Super bowl ad gay dating site
CBS wants to keep one team from scoring on Super Bowl Sunday.
"The Women’s Media Center and organizations dedicated to reproductive rights, tolerance, and social justice, are urging the network to immediately cancel this ad.” CBS is reportedly standing by their decision, and producers said they would consider accepting any other "responsibly produced" advocacy ads for broadcast.Hollie Mc Kay has been a Fox staff reporter since 2007.She has reported extensively from the Middle East on the rise and fall of terrorist groups such as ISIS in Iraq.“Man Crunch requested the spot get reviewed anyway just in case another advertiser drops out and a spot becomes available, as often happens, and CBS agreed,” added the site’s rep.Man Crunch officials said they believe CBS has no intention of airing a commercial for their gay dating service, "but do not want to officially ‘reject’ the spot out of fear there may be a backlash from gay advocacy groups.” However, a representative from the network told Pop Tarts that advertising spots were still open, and was unsure where that comment originated.The billboards were designed as a way to honor gay sports trailblazers, Scuff founder Johnny Skandros told Reuters.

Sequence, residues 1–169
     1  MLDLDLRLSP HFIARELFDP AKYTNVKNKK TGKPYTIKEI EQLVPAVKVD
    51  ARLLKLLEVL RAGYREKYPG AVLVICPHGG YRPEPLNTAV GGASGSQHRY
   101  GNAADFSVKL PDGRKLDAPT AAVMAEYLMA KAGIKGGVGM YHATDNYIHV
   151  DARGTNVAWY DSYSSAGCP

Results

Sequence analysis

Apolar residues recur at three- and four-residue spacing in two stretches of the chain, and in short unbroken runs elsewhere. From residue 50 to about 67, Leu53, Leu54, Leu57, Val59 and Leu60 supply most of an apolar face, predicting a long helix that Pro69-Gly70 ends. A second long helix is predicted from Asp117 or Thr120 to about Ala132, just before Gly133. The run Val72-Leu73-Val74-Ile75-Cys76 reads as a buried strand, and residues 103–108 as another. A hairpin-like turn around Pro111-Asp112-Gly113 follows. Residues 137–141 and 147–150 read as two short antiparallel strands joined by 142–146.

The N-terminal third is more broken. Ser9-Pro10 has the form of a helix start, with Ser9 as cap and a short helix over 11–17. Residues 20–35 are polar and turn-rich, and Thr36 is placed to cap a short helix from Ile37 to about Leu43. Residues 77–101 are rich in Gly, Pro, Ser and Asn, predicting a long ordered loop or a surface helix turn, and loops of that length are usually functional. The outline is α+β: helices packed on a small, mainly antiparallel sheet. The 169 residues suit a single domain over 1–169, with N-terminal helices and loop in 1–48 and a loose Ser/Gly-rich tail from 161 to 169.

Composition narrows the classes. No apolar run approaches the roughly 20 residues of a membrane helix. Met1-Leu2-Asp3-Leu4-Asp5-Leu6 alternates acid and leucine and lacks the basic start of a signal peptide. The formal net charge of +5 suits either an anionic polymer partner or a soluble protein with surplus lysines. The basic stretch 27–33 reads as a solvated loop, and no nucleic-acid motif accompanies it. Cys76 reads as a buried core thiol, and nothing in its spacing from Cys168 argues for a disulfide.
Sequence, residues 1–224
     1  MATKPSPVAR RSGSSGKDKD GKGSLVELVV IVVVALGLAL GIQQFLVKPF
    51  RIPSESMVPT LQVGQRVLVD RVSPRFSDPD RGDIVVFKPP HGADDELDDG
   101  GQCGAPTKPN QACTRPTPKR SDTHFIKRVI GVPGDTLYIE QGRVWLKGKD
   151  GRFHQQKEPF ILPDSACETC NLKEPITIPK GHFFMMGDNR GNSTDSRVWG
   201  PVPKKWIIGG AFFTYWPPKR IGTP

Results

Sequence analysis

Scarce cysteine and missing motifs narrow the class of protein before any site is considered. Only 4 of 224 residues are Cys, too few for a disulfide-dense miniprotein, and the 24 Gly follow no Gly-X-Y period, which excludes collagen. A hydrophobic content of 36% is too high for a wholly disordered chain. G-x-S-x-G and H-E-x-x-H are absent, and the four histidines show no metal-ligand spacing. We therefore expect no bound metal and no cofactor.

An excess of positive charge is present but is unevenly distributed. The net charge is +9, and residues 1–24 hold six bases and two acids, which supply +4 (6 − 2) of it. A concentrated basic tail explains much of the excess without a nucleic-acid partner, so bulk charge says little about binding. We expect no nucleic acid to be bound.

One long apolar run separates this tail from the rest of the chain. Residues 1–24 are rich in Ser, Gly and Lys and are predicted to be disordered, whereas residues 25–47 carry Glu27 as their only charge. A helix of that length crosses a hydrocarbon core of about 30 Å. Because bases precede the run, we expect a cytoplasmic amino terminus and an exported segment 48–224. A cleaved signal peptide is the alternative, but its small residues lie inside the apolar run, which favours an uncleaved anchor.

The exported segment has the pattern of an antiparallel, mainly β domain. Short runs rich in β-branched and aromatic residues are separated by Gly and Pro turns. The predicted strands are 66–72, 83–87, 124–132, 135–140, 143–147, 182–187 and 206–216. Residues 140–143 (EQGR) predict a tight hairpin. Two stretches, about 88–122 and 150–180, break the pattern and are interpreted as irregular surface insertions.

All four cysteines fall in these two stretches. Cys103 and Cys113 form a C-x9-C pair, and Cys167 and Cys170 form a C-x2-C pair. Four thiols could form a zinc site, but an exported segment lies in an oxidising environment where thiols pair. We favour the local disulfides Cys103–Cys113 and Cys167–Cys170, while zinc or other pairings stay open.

"I think that people like Michael Sam, Kwame Harris and Jason Collins didn't only make it OK to be an openly gay sports player, they also made it easier for gay sports fans to feel a full part of their hometown team." While I applaud the idea, the execution is lacking.
The 30-second spot shows two men excitedly watching the game, before their hands brush as they both reach into a bowl of chips.
Suddenly, the two begin making out, much to the shock of a guy sitting close by.
For starters, the two models look more like they're dressed more for a rugby match than a football game and should be wearing football uniforms.
And if the goal was to honor trailblazers, why not a billboard that featured these trailblazers?
On Wednesday, the network announced that they had approved a pro-life commercial starring Florida quarterback Tim Tebow, funded by the conservative Christian group Focus on the Family, to air during the game.